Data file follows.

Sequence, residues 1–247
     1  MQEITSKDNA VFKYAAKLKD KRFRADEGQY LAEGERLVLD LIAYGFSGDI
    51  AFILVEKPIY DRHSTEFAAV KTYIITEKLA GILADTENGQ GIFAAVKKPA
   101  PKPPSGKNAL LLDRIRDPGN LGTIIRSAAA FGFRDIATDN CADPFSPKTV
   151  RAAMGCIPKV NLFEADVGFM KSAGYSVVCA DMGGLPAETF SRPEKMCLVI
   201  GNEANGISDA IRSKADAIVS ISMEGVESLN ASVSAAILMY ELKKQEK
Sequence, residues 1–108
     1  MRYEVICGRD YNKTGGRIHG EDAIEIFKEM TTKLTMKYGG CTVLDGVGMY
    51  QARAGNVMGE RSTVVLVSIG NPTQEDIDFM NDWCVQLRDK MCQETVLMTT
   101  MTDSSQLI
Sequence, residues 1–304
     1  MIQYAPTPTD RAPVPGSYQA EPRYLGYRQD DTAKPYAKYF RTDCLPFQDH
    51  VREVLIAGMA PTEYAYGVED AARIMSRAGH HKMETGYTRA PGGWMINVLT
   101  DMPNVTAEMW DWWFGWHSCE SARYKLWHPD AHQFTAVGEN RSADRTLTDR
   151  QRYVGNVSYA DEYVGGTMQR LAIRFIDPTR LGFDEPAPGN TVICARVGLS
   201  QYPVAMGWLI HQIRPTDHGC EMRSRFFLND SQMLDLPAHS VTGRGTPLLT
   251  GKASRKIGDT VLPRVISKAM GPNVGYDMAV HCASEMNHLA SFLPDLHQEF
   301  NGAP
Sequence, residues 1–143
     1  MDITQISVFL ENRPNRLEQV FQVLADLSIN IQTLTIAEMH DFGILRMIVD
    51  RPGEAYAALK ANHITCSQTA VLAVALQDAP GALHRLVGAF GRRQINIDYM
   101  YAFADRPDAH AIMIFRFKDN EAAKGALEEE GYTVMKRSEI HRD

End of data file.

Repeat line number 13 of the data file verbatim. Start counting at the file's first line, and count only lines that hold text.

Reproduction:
    51  VREVLIAGMA PTEYAYGVED AARIMSRAGH HKMETGYTRA PGGWMINVLT